Ex-leader of Baath Party, Born to a poor farming family in Tikrīt, a town north of Baghdad, Hussein was raised by his widowed mother and other relatives. He moved to Baghdad in 1955 and became involved in politics, joining the opposition Baath Party, an Arab nationalist movement. Hussein rose quickly within the party and in 1959 helped organize an assassination attempt on Abdul Karim Kassem, the military president of Iraq. Both Kassem and Hussein were injured in the gun battle, and Hussein fled to Cairo.
Hussein studied law in Cairo while continuing party-affiliated activities. He returned to Baghdad in 1963, married, and rose to the post of assistant secretary general of the Baath Party. The party remained in opposition to the government until 1968, when it seized power in a coup. Years of underground work gave Hussein a small core of like-minded friends, many related to him by blood or marriage and most from Tikrīt. After the coup, this clique established itself as a Revolutionary Command Council with absolute authority in the country. Hussein became vice chairman of the council in 1969. He worked closely with General Ahmed Hassan al-Bakr, the council’s chairman and president of Iraq.
Hussein took a leading role in addressing the country’s major domestic problems. He negotiated an agreement in 1970 with separatist Kurdish leaders, giving them autonomy. The agreement later broke down, leading to brutal fighting between the regime and Kurdish groups. He also played a part in the nationalization of the oil industry, Iraq’s major source of wealth. In 1973 oil prices skyrocketed, allowing the government to pursue an ambitious economic development program that included new schools, universities, hospitals, and factories.
In foreign affairs, Hussein at first helped Iraq play a leading role in the Middle East. In 1975 he negotiated a settlement with Iran that contained Iraqi concessions on border demarcation. In return, Iran agreed to stop supporting opposition Kurds in Iraq. Hussein also led Arab opposition to the 1979 Camp David Accords between Egypt and Israel. President al-Bakr gradually withdrew from politics during the 1970s and formally retired in 1979. Hussein became chairman of the Revolutionary Command Council and president of the country. In 1979 Iran’s government was overthrown by Islamic fundamentalists and their supporters, and Hussein feared radical Islamic ideas were spreading inside Iraq, especially among the country’s majority Shia Muslim population. In September 1980 Hussein abandoned his 1975 agreement with Iran and invaded. After making some initial gains Iraq’s troops were stopped, and by 1982 Iraq was looking for ways to end the war. Hussein reached out to other Arab governments for financial and diplomatic support and began to target the Iranian oil industry. The Iranians, hoping to bring down Hussein, refused a cease-fire until 1988.
The Iran-Iraq War left Iraq devastated with hundreds of thousands of casualties and a debt of about $75 billion. Still, Hussein had an experienced and well-equipped army, which he used to influence regional affairs, for example, by pressuring Kuwait to forgive its share of Iraq’s debt. In August 1990 Hussein sent troops into Kuwait and annexed it. An international coalition led by the United States evicted Iraq in January and February of 1991 in a conflict known as the Persian Gulf War. Though briefer than the Iran-Iraq War, it was equally devastating, leaving Iraq isolated and reeling from international economic sanctions.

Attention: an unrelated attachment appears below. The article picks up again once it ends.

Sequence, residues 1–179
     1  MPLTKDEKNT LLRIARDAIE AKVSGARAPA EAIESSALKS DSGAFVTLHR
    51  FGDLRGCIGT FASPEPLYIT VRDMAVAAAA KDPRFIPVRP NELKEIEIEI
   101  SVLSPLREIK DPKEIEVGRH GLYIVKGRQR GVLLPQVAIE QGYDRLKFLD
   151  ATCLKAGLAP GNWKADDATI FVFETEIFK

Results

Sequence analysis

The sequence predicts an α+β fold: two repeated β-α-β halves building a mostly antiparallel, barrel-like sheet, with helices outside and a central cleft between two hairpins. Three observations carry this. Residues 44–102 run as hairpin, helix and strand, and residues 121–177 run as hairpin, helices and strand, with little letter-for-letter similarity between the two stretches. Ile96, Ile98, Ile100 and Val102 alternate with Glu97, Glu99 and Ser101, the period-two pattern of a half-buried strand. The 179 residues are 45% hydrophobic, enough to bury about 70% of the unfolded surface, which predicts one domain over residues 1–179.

Despite having led Iraq into two wars and, in so doing, squandering the country’s oil wealth, Hussein succeeded in facing down all internal challenges to his rule. In 1991, shortly after the end of the Persian Gulf War, Hussein suppressed an uprising among Shias in the south. Kurds who rebelled in the north were saved from complete defeat only because the international community protected them. Hussein’s small clique of friends and family was divided after the war, and in the following years Hussein arrested, exiled, and killed many among them who were thought to threaten his rule.
In the mid-1990s Hussein began interfering with the work of United Nations (UN) inspection teams assigned to Iraq after the Persian Gulf War to ensure that Iraq had ceased development of nuclear, chemical, and biological weapons and had destroyed any stockpiles of these weapons. His government insisted that the sanctions against Iraq should be lifted in return for its compliance with UN resolutions and accused the United States of seeking not to disarm Iraq but to overthrow the Iraqi regime. Arguments over the inspections led to a series of international confrontations. In 1998 Hussein averted conflicts in February and again in November by agreeing to allow inspections to continue. However, when in December he again blocked inspections, the United States and Britain launched a four-day series of air strikes on Iraqi military and industrial targets. In response, Hussein declared that Iraq would allow no further UN inspections. In November 2002, after months of heightened pressure from the United States and the UN, Hussein submitted to a UN resolution ordering the immediate return of weapons inspectors to Iraq. Inspectors were sent to Iraq and reported compliance and demanded further time for inspection.
HHowever, the United States argued that Iraq was not complying fully with inspectors and was continuing toto hide banned chemical and biological weapons.
In March 2003 U.S.-led forces invaded Iraq with the goals of removing, capturing Hussein and destroying the country’s banned weapons. When Baghdad fell to U.S. forces in April, Hussein’s regime collapsed but the US failed to find any banned weapons. After a long hide and seek Saddam Hussein was found in a hole under the ground on Saturday 13th December 2004.